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Regions & Cities: The EU Agencies Race

EUobserver's 2017 Regions & Cities magazine takes a closer look at EU agencies and the benefits for cities and regions to host them. The UK leaving the EU has prompted a scramble for the European Medicines Agency and the European Banking Authority among most of the remaining member states. But what makes a city competitive? Which cities stand a good chance to become the new hosts? And what do EU agencies bring to the local economy?

Frontex puts roots down

Frontex puts roots down in Poland Frontex, the EU border and coastguard agency, will grow three-fold in five years. It will build a new office in the Polish capital despite rising tensions over migration policy betweenen Warsaw and Brussels. y L aLiii it feels like going into any 20 — REGIONS & CITIES OCTOBER 2017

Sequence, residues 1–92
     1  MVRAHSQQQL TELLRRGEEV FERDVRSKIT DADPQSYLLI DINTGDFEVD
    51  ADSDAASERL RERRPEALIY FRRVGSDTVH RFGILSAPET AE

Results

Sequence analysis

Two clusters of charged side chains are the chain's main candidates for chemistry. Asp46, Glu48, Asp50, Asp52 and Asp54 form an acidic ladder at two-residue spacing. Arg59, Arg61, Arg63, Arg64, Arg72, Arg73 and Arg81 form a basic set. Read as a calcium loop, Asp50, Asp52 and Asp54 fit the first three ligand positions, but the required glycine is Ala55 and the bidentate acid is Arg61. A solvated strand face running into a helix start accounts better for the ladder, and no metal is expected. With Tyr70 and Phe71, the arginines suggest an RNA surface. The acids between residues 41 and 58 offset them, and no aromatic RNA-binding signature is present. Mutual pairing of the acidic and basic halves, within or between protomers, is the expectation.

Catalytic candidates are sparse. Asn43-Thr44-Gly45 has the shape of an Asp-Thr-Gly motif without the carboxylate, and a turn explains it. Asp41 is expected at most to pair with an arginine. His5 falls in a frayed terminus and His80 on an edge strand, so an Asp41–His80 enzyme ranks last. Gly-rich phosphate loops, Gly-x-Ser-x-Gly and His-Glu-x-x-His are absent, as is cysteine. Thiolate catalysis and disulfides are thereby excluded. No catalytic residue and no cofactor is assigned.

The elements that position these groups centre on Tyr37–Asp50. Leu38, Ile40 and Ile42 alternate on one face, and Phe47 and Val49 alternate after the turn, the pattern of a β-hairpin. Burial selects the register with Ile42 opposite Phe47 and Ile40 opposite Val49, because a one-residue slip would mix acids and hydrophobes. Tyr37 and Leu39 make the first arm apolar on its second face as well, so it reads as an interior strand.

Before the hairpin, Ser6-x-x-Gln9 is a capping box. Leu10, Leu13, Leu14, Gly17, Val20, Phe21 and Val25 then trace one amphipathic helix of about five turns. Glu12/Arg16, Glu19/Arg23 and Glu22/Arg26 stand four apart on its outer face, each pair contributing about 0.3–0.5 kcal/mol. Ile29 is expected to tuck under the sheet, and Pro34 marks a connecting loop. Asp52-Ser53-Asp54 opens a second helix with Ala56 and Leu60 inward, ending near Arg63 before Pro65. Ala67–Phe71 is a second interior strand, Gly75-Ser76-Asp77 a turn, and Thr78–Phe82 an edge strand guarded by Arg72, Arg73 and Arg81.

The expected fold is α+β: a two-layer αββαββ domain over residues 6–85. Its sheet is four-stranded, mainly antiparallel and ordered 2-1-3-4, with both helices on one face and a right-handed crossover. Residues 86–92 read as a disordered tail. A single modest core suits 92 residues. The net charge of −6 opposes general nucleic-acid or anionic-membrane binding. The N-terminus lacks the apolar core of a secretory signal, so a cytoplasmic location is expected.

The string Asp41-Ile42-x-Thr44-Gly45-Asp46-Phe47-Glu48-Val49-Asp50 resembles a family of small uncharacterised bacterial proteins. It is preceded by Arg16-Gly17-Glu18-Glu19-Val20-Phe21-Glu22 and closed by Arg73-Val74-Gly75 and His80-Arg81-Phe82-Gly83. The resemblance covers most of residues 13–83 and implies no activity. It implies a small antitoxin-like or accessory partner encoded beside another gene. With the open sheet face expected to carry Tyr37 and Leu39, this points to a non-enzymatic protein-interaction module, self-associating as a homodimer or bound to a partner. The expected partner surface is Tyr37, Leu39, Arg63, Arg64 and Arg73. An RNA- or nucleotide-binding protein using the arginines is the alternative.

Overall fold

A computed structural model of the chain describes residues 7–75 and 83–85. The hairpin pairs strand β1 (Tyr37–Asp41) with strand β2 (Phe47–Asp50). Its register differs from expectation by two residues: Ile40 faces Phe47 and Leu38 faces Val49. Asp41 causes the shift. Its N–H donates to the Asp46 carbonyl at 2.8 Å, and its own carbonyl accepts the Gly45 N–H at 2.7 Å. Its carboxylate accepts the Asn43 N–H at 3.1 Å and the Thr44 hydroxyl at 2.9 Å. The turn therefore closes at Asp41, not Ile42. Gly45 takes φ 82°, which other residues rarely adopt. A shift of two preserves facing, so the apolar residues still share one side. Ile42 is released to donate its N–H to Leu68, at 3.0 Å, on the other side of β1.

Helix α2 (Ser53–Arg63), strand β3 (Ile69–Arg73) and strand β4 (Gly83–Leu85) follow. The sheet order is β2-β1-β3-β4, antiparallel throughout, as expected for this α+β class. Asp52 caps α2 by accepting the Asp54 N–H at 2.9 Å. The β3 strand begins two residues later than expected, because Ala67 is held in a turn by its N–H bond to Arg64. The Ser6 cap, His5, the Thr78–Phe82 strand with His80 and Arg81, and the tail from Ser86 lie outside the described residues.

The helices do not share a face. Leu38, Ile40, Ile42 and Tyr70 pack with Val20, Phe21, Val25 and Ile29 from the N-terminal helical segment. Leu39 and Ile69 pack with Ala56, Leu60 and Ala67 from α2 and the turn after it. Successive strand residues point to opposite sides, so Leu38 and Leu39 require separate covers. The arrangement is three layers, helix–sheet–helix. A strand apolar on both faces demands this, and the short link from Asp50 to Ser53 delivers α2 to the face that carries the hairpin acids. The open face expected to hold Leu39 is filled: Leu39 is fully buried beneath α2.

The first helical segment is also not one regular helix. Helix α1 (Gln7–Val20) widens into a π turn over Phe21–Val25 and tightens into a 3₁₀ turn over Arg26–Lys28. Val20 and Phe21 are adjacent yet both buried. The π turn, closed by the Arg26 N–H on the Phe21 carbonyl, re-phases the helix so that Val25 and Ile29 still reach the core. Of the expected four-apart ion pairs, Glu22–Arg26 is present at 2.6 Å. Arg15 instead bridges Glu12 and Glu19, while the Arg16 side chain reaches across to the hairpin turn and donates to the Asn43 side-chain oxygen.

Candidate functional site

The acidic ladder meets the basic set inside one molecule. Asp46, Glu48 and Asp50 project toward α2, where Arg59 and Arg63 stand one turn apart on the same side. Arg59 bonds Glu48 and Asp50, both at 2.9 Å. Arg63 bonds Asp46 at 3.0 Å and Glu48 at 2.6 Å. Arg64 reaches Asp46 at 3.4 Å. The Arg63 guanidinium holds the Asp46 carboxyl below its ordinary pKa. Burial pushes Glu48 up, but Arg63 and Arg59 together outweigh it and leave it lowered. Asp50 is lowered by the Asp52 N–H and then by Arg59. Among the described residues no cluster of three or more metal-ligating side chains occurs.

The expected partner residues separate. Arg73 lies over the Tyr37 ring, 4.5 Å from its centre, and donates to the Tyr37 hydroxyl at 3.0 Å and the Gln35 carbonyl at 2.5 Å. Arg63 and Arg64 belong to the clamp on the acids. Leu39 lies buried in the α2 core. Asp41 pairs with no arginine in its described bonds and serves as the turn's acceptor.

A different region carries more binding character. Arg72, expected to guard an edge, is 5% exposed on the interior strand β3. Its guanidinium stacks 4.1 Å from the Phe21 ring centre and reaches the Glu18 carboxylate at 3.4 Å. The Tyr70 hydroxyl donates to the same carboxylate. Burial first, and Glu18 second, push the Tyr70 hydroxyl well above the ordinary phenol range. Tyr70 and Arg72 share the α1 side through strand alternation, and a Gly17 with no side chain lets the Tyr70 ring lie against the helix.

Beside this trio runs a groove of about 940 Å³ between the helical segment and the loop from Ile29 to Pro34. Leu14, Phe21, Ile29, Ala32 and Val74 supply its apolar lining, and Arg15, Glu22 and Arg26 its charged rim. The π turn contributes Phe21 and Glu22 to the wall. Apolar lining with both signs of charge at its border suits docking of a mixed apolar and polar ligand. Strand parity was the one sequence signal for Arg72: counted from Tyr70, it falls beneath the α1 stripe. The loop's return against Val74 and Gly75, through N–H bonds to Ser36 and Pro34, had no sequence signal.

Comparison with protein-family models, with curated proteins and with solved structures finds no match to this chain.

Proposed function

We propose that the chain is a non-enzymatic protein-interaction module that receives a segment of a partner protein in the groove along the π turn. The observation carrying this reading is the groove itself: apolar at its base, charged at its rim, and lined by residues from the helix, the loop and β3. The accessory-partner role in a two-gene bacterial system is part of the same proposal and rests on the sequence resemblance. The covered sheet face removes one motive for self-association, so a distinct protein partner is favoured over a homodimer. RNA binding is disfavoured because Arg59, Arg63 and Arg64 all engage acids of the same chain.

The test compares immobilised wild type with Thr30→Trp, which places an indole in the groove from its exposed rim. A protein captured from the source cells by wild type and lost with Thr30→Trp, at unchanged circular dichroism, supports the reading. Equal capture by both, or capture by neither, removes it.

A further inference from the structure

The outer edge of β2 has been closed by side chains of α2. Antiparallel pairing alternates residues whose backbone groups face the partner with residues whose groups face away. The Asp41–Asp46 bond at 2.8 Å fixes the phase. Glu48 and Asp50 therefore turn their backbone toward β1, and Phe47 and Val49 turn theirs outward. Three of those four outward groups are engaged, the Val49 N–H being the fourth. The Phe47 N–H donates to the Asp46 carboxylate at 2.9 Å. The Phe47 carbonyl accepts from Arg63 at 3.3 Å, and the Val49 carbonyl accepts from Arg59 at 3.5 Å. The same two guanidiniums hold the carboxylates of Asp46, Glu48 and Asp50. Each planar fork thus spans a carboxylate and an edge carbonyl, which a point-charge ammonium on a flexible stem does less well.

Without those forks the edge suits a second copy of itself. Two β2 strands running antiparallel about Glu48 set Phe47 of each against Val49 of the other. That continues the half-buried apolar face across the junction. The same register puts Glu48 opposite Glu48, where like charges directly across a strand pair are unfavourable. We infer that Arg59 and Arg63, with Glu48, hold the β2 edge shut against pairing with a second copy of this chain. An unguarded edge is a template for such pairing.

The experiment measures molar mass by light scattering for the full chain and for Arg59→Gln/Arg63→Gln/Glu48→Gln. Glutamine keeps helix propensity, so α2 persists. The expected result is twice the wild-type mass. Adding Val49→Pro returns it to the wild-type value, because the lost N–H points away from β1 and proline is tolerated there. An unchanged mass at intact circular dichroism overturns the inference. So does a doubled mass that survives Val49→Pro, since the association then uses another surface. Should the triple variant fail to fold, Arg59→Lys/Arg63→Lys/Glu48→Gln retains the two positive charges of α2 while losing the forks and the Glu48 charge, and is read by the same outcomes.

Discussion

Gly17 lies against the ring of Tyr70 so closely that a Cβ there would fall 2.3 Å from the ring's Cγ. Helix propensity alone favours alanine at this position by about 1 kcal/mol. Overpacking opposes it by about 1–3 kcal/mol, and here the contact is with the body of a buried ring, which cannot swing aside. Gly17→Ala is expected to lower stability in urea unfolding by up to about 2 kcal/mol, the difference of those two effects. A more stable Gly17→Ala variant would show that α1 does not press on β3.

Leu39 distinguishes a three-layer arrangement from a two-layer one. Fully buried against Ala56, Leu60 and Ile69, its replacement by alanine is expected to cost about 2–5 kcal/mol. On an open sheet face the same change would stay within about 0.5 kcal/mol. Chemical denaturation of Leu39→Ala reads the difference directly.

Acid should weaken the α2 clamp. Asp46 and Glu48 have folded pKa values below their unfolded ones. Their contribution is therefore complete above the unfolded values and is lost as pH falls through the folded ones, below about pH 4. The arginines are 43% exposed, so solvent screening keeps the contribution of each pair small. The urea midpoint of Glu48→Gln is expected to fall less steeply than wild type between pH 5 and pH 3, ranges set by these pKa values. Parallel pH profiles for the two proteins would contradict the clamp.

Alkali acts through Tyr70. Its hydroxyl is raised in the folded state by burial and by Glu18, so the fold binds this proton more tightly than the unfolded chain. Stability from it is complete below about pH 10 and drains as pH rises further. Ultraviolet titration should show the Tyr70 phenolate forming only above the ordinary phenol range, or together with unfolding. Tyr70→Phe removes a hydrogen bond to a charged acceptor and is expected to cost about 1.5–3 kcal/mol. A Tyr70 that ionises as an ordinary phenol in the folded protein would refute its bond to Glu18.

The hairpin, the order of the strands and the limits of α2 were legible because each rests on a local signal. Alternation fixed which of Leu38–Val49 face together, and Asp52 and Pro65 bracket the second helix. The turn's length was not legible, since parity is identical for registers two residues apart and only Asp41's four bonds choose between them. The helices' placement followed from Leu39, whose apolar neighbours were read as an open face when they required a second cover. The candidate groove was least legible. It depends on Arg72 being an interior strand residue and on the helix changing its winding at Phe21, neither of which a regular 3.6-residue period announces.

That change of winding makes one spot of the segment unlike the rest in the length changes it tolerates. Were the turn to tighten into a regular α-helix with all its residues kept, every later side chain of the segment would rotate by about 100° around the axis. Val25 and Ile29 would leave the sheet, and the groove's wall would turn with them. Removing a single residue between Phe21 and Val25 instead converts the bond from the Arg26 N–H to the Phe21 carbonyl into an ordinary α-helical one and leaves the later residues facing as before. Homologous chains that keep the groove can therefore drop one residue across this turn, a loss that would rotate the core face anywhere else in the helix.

Photo: Aeey ooyaiy spaces in the city. Inside the building, the corridors are modern and bright, with white walls and a grey carpet- comfortable than the European Commission's Berlaymont building in Brussels. MORE PEOPLE, LESS SPACE The migration crisis forced the EU to strengthen its border guards. A regulation adopted in September 2016 gave Frontex new powers, with The agency is hiring new people, which means squeezing more staff into less space. "They are taking away the space we used to have for meetings, as well as putting new desks into the old rooms," says one of the Frontex employees. The agency is planning to rent some additional space in the coming months. In 2015, Frontex employed 320 people, but now it employs 460. Nearly 170 people are involved in operations, 150 work as analysts, and 80 work on operational logistics. By 2020, the number of staff is expected to increase to 1,000. occupied by a bank. "Maybe we will have to take The agency also helps Bulgarian, Hungarian and Croatian guards in patrolling the borders with Serbia, and the Bulgarian authorities in monitoring the Turkish border – Frontex has 270 border guards deployed at these crossing points. POLITICAL DECISION Currently, Frontex operates mainly in southern Europe and the Mediterranean, but its headquarters are based in Poland. Does that make sense? access to a big airport," said Ewa Moncure, a Frontex spokeswoman. "Our operations take place at the external borders of the EU with the strongest migration pressure. Now it is mainly the Greek, Italian and Spanish maritime border, but what if migration pressure moves to Finland or to the Ukrainian border?" The coordination of the current operations takes Catania, Italy, or in Greece. "The location of the headquarters does not play a section, administration, public procurement can work from anywhere in Europe," Moncure added. monitor the situation in regions where the agency runs operations. Many people travel between Warsaw and the agency's operational sites. The budget of the agency will grow from € 143 million in 2015 to € 322 million in 2020. Frontex is currently running 12 operations in cooperation with EU states. The largest of them are sea operations – "Triton," off the coast of Italy and and "Poseidon," in Greece and the Aegean Sea (with nearly 900 border guards and 14 ships). Maritime operations are the most expensive part of the agency's budget. The location of an EU agency is a political decision, which is usually made around the time it is created. Poland joined the EU in 2004, together with nine other nations, mainly from Central and Eastern Europe. A year before, the EU had decided that, when establishing new agencies, "priority" should be given to locations in the new member after that decision. REGIONS & CITIES OCTOBER 2017— 21

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